We Wait is a BBC virtual reality collaboration with Aardman Animations places the viewer amongst a family on the beach and then on board a boat making the treacherous crossing from Turkey to Greece.
This example of immersive storytelling is being showcased at Sheffield Doc/Fest this week and is available to download on the BBC Taster website for anyone with a suitably equipped computer and an Oculus Rift headset.
The BBC are experimenting with VR to understand how the medium may serve future audiences. BBC R&D development producer Becky Gregory-Clarke spoke to Broadcast Magazine this week about the commission. She was asked why the medium of animation was a good way to depict the refugee crisis?
“It’s a very weighty story, and it’s actually very hard to tell logistically. To get a reporter on the boat, to make the viewer feel like they’re there, that would be difficult. We were very keen to get it right so we hired BBC Radio 4 chief correspondent Matthew Price to supervise the story, which while fictional, is all based on real events and interviews.”
The refugee family acknowledge the viewer’s presence in the boat with delicate gestures.
“At different parts of the crossing, different family members tell you their experiences. It’s all based on eye contact. When you look at different characters they will respond to you individually. The interaction is very subtle but it gives you a real sense of being there.”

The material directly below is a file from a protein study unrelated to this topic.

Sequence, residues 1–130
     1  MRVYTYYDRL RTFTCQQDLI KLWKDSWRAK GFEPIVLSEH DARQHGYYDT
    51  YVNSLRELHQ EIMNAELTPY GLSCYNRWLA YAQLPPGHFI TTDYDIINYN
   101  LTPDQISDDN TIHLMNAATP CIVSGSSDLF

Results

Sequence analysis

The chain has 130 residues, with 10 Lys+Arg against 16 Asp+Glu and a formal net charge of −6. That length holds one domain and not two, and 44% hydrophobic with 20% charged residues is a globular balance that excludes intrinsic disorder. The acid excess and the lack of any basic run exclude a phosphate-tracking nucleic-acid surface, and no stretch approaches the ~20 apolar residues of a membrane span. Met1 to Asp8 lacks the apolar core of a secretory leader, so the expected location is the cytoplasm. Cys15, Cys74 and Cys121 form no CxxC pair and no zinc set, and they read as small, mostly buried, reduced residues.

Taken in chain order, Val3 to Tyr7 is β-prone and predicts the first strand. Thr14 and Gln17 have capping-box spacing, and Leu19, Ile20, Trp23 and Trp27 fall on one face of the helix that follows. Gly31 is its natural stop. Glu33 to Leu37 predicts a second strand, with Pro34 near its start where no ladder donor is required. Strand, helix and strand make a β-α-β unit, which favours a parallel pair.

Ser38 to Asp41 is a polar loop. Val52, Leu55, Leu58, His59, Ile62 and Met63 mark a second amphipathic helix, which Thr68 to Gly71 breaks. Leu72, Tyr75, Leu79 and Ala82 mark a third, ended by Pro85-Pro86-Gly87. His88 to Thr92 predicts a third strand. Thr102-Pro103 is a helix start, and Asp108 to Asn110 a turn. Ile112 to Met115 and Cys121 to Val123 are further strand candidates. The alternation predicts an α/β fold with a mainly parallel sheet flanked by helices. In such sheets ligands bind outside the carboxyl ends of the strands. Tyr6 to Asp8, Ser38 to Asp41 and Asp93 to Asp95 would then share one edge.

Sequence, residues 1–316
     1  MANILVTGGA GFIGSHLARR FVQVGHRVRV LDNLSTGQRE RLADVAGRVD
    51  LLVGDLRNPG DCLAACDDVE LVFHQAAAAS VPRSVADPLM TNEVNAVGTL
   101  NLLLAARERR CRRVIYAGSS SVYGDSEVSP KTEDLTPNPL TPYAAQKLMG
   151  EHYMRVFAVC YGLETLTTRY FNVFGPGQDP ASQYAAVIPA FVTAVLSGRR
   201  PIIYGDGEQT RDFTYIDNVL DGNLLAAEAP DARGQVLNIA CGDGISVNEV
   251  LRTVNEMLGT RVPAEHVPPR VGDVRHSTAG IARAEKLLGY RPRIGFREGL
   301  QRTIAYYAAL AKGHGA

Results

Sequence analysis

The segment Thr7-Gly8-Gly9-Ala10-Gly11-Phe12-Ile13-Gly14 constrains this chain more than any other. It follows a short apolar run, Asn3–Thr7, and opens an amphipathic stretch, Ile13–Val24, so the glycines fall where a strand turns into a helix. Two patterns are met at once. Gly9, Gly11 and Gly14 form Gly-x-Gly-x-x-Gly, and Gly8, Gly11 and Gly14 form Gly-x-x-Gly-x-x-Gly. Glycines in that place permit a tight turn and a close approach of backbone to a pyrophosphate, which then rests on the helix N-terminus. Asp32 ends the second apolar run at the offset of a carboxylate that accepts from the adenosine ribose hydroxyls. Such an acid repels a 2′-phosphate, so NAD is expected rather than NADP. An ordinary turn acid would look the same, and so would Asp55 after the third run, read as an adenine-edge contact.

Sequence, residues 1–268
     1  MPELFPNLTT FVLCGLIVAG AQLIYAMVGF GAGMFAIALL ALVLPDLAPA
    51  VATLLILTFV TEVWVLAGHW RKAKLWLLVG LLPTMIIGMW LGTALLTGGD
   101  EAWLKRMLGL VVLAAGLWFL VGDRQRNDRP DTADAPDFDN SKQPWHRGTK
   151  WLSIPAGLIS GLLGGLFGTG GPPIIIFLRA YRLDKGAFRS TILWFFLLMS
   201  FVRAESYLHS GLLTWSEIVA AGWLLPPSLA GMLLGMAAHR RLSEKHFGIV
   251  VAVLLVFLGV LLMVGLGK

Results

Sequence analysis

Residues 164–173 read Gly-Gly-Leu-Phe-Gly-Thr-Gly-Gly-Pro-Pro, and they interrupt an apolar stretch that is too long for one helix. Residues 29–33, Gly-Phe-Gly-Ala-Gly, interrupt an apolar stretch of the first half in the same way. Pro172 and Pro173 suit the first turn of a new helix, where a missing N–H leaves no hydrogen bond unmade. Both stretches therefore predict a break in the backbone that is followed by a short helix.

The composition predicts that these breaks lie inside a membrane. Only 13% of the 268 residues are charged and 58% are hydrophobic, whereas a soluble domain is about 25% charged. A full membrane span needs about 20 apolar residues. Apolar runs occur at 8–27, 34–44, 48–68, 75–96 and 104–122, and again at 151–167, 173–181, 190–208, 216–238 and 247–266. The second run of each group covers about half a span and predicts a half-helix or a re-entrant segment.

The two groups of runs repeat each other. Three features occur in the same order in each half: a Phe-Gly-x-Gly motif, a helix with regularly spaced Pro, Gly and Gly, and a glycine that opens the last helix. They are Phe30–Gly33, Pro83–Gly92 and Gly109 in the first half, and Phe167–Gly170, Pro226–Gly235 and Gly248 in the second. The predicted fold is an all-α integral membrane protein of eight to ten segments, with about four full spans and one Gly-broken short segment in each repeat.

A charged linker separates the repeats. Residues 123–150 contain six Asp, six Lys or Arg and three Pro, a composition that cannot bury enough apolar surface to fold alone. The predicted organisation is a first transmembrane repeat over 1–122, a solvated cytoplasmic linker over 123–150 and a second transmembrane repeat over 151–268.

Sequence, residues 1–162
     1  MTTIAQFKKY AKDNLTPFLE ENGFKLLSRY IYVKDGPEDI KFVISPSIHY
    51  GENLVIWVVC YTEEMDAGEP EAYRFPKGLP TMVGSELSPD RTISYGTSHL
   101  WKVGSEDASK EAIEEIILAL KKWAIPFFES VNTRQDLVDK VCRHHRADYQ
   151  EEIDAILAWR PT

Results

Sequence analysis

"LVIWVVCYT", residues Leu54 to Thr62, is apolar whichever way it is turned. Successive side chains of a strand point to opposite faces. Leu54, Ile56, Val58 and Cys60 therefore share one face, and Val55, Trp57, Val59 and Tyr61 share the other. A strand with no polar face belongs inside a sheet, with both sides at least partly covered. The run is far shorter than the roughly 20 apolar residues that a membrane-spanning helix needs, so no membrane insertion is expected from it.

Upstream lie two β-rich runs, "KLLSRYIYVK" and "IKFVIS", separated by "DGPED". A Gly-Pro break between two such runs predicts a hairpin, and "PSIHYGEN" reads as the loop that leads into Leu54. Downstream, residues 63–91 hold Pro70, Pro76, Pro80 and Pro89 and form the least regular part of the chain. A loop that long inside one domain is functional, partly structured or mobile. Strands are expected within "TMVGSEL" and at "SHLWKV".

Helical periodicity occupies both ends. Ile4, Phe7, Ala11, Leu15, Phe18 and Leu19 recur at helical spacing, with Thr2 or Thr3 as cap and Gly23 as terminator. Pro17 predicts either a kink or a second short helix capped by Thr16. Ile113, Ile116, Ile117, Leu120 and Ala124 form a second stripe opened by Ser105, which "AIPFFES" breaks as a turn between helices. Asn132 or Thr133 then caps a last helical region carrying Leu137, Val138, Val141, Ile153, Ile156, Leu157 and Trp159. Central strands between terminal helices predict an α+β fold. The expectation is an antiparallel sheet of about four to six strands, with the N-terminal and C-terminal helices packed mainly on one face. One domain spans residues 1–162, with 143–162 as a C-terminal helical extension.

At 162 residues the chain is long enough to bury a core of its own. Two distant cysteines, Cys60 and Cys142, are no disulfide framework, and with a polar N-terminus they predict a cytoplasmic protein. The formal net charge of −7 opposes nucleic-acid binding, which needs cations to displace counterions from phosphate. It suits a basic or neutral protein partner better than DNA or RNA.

Another two interactive refugee-focussed works are showing at Sheffield Doc/Fest.
Home: Aamir is produced by the National Theatre’s Immersive Storytelling Studio, and uses 360 footage to place the viewer into the middle of the Calais ‘Jungle’ camp. Along with testimony from a real inhabitant of the camp, the immersive film takes the viewer on a journey through Sudan, Libya, across the Mediterranean, Italy and eventually France.
Invisible (Site Gallery/Arts Council England) depicts the end point of the journey as migrants are placed in the UK’s immigration detention system showing how people can end up stuck in a de-facto prison for years with an indefinite detention period.
Later today there will be a screening of an episode from another BBC production at Sheffield Doc/Fest. Keo Films gave cameraphones to 75 migrants so they could capture some of the most perilous parts of their journeys that couldn’t otherwise be filmed. Exodus: Breaking Into Europe is a series of three sixty minute programmes that offers an extremely personal insight into journeys in dinghies from Turkey to Greece, in lorries entering Eurostar, and trucks crossing the Sahara. The producers describe it as “a terrifyingly intimate yet uniquely epic portrait of what has become the biggest story of the decade”. The series will be screened by the BBC later this year.
These productions follow on from early immersive journalism productions like Project Syria which explored the experience of children, both in Syria and in camps.